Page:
We have Robert Gibbs.
Robert Gibbs, a top aide to Sen. Barack Obama (D-Ill.) on his campaign and in his Senate office, will be named the White House press secretary, a top Democratic official said.
Gibbs was usually the senior official on Air Obama, the campaign plane. As communications director of Obama’s Senate office, Gibbs was a key strategist in Obama’s rapid move to the national stage.
Transition planning is still at an early stage and the job has not been formally offered or accepted, officials said.
The announcement is likely to be viewed favorably by reporters because Gibbs has unquestioned authority, access and institutional memory.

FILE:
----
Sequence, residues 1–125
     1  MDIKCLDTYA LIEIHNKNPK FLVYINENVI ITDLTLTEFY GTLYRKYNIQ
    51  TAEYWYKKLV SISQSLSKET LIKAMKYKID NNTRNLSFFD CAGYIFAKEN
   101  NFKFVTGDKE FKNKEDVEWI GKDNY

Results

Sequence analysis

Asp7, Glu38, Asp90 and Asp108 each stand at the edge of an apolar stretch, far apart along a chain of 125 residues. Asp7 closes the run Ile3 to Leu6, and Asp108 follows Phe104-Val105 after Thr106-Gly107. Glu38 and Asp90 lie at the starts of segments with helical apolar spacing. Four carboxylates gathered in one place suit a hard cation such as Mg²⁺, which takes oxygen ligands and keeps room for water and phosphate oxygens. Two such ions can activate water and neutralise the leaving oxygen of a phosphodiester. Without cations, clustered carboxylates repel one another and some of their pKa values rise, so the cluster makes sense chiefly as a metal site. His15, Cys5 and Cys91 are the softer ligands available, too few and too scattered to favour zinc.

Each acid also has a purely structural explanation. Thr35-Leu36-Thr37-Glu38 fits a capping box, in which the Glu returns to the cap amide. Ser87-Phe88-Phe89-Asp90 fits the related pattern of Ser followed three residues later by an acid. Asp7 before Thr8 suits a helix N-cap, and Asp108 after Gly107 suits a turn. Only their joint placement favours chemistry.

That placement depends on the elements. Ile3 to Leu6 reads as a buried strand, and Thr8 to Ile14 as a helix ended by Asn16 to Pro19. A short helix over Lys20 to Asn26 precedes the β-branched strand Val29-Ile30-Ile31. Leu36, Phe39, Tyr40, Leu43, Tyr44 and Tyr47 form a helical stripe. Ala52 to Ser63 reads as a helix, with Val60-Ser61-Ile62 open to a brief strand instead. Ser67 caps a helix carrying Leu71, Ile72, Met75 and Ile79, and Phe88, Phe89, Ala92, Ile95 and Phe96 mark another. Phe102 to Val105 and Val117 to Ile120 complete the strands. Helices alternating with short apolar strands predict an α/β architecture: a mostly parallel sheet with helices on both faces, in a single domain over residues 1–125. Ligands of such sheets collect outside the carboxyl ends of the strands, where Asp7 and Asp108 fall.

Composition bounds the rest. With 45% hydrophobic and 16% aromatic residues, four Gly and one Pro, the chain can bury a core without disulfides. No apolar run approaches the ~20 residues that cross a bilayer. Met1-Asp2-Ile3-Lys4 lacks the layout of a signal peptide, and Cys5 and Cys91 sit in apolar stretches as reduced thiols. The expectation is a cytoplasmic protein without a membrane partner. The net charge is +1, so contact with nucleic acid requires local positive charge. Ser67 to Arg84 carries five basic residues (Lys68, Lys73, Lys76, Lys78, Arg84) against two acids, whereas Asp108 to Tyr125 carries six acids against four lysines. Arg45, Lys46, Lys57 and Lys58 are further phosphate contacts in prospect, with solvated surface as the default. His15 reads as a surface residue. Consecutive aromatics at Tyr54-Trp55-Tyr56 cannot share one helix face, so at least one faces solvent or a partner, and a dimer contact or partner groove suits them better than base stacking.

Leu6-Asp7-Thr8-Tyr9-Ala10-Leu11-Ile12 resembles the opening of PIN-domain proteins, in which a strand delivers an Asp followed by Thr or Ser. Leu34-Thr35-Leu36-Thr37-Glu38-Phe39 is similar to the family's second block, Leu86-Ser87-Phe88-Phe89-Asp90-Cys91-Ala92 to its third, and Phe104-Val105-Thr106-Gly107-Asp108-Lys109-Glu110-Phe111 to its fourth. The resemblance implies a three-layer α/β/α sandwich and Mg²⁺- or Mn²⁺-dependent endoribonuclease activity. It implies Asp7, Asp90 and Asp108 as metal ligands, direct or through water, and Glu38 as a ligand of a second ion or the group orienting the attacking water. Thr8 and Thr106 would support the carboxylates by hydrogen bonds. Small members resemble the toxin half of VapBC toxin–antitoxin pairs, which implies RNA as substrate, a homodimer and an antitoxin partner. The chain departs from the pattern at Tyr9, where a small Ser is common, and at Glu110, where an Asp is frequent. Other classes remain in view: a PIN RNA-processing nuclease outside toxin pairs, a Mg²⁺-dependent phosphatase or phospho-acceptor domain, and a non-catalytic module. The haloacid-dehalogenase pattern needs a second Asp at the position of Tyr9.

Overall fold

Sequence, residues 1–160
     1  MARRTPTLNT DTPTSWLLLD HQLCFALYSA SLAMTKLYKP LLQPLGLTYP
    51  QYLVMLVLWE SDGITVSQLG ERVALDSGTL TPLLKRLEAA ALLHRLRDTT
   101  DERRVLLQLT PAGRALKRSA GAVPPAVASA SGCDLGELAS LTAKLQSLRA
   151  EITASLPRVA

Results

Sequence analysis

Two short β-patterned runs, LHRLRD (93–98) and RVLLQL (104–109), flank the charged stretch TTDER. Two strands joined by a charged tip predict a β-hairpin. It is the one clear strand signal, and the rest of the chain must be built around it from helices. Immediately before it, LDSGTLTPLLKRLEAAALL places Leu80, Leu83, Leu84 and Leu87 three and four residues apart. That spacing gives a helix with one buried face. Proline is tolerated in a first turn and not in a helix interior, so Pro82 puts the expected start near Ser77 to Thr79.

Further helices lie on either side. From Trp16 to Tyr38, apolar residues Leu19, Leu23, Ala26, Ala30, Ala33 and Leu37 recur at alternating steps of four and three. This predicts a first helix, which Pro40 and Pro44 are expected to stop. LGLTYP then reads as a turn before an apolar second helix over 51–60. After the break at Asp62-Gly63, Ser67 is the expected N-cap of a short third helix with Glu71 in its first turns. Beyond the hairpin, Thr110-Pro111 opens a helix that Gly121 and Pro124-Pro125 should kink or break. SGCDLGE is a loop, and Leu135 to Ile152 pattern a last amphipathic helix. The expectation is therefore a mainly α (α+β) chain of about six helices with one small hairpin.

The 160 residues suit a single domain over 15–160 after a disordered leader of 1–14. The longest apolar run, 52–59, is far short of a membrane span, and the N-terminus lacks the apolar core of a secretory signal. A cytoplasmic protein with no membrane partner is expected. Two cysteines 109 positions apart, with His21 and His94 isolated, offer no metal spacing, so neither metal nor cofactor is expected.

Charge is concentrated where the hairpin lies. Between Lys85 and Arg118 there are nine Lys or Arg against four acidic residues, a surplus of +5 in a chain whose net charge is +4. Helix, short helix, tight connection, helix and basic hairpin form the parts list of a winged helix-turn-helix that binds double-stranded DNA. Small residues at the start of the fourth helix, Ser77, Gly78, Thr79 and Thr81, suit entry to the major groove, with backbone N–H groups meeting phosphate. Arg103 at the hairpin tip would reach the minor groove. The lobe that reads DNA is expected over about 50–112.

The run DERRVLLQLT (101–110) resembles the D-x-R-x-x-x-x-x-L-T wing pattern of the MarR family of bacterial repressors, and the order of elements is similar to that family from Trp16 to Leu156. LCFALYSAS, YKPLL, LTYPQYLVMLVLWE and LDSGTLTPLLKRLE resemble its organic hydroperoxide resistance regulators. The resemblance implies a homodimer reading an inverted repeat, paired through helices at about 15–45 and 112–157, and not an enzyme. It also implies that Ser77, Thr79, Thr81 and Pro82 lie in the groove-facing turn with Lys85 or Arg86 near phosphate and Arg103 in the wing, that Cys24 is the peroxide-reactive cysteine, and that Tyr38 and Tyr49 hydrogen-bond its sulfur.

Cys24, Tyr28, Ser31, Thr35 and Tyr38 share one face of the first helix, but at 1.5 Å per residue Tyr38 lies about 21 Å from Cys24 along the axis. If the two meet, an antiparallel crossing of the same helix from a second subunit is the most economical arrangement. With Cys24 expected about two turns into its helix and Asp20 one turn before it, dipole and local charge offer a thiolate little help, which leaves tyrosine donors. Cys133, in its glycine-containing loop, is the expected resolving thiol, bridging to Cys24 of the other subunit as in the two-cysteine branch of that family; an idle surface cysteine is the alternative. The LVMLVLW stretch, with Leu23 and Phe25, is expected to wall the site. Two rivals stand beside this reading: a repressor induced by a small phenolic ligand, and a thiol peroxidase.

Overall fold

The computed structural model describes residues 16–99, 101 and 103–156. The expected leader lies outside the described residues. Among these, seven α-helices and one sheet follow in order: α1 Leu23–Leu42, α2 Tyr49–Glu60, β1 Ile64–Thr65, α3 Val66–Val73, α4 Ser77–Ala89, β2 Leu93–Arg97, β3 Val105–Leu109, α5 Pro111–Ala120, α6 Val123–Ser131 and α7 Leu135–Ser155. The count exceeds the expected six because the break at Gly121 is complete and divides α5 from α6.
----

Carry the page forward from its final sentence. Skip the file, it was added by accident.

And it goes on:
Gibbs — a 37-year-old native of Auburn, Ala. — became familiar to viewers during the campaign for his sunny steeliness during frequent appearances on morning shows and A-list cable news programs.
From his July promotion announcement: “Robert Gibbs, one of Senator Obama’s longest-serving and closest aides, has been elevated to Senior Strategist for Communications and Message, taking on a broader strategic portfolio for the Fall campaign while continuing to serve as senior communications aide travelling with Senator Obama.”
The “podium job” makes the White House press secretary instantly famous around the world as the face and voice of Washington.